The streams in the 2,000-square-mile Erie-Niagara basin of western New York contain mainly a calcium bicarbonate type of water whose dissolved-solids content generally varies between 140 and 240 ppm (parts per mill ion). Water "hardness" (expressed as CaCO3 ) is usually between 100 and 200 ppm, sulfate concentrations are between 20 and 60 ppm, and chloride between 5 and 20 ppm. The higher concentrations of these constituents and properties are representative of the northern part of the area, which is underlain by the gypsum-bearing Camillus Shale. The northern part of the area contains a predominantly calcium sulfate type of water that usually has a dissolved-solids content of between 250 and 750 ppm, sulfate between 40 and 350 ppm, chloride between 20 and 70 ppm, and hardness between 200 and 500 ppm.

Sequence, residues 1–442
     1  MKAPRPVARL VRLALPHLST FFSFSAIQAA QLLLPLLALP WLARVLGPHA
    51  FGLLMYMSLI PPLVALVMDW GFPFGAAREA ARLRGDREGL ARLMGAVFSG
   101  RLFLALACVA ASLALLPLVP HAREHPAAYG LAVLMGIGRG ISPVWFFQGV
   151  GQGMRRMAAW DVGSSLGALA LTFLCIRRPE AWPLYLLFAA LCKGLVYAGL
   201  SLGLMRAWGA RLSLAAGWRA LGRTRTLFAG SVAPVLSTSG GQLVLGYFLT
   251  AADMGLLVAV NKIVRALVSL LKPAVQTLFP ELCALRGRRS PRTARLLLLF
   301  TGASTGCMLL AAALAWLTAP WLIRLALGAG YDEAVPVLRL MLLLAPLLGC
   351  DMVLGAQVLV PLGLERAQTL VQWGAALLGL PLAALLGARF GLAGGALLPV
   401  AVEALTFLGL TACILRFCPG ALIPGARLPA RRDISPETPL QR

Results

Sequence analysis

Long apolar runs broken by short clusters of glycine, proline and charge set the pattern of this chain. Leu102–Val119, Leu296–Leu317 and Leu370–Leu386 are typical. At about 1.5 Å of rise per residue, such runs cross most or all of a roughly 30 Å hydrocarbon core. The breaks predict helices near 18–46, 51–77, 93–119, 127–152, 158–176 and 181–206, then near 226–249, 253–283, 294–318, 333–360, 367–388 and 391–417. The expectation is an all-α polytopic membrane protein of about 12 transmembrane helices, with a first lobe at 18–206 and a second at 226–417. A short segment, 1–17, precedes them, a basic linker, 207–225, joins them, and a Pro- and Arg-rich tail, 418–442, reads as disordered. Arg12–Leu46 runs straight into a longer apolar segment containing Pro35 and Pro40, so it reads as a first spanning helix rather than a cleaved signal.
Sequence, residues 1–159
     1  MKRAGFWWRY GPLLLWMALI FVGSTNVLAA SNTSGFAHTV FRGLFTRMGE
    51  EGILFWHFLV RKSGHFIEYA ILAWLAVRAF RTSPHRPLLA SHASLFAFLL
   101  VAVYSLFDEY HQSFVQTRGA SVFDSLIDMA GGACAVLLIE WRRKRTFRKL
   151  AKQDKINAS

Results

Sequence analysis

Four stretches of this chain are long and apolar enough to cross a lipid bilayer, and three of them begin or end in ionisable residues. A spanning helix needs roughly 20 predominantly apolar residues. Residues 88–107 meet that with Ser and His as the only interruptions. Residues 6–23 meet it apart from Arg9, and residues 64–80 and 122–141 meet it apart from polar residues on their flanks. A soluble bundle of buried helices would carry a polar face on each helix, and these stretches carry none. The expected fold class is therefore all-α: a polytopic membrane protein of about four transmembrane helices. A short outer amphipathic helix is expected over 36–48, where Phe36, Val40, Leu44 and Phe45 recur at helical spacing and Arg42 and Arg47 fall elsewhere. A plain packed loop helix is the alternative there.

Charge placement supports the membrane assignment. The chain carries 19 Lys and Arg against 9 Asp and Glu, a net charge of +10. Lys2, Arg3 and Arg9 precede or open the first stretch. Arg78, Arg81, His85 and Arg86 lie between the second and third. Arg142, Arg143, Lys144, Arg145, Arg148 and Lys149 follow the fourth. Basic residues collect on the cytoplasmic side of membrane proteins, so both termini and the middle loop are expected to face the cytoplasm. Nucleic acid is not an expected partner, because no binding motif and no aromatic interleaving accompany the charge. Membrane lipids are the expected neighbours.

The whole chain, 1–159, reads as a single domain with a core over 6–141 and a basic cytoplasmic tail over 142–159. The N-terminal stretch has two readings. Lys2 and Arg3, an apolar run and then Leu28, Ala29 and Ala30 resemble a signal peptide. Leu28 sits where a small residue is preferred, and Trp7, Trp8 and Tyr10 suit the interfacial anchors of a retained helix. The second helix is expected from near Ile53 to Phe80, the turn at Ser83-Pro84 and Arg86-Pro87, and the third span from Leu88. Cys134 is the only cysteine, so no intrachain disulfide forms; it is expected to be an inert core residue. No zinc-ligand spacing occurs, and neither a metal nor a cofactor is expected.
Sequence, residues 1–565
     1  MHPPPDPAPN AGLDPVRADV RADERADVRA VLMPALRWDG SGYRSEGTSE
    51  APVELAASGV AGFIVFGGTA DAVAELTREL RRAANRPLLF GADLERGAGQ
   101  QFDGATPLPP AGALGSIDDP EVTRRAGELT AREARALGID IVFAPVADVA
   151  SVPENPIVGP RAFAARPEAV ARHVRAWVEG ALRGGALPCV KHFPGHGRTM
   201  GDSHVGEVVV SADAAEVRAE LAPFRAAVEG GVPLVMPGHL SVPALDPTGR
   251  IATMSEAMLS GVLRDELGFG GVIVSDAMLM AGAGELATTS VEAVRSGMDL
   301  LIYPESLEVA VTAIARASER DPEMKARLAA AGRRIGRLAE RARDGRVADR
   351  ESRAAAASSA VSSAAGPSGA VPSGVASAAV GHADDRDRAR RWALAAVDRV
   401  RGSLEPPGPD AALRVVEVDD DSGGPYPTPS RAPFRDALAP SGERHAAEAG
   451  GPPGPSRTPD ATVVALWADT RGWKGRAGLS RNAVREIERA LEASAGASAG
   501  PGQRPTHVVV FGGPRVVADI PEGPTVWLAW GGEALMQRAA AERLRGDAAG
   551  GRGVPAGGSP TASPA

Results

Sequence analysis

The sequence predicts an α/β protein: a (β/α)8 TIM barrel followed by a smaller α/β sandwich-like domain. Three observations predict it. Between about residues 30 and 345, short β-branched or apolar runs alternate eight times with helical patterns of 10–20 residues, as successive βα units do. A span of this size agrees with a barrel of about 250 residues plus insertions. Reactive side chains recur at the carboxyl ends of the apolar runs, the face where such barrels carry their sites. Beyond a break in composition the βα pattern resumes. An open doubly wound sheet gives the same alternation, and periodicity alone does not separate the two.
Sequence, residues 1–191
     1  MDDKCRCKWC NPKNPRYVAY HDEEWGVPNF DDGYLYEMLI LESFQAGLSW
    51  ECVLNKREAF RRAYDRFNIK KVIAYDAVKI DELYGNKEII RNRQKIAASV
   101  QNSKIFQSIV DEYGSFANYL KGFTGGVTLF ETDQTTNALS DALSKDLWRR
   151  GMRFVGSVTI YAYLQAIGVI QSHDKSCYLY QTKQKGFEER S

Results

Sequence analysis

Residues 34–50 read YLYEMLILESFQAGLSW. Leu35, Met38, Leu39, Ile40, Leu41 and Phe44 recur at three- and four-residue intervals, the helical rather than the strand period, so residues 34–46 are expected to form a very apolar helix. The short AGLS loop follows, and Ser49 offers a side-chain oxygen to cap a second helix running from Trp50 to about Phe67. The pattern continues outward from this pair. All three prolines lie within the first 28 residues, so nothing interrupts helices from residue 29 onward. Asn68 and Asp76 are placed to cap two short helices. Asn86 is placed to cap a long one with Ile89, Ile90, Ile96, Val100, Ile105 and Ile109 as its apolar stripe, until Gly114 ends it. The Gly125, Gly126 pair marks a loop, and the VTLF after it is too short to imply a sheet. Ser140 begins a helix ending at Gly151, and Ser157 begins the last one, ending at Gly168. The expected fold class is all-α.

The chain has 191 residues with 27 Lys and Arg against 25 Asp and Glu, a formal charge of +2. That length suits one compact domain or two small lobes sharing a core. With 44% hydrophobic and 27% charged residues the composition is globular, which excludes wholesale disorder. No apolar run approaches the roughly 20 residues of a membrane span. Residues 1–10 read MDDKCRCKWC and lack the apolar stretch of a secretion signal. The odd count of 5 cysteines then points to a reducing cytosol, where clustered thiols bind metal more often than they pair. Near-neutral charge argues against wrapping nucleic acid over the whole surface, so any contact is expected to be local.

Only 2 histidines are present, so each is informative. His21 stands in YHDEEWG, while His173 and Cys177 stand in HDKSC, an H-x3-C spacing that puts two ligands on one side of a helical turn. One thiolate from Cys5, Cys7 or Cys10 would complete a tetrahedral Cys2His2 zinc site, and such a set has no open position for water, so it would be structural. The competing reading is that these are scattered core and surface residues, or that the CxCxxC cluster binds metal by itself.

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Chemical quality of streams in the Erie-Niagara basin, New York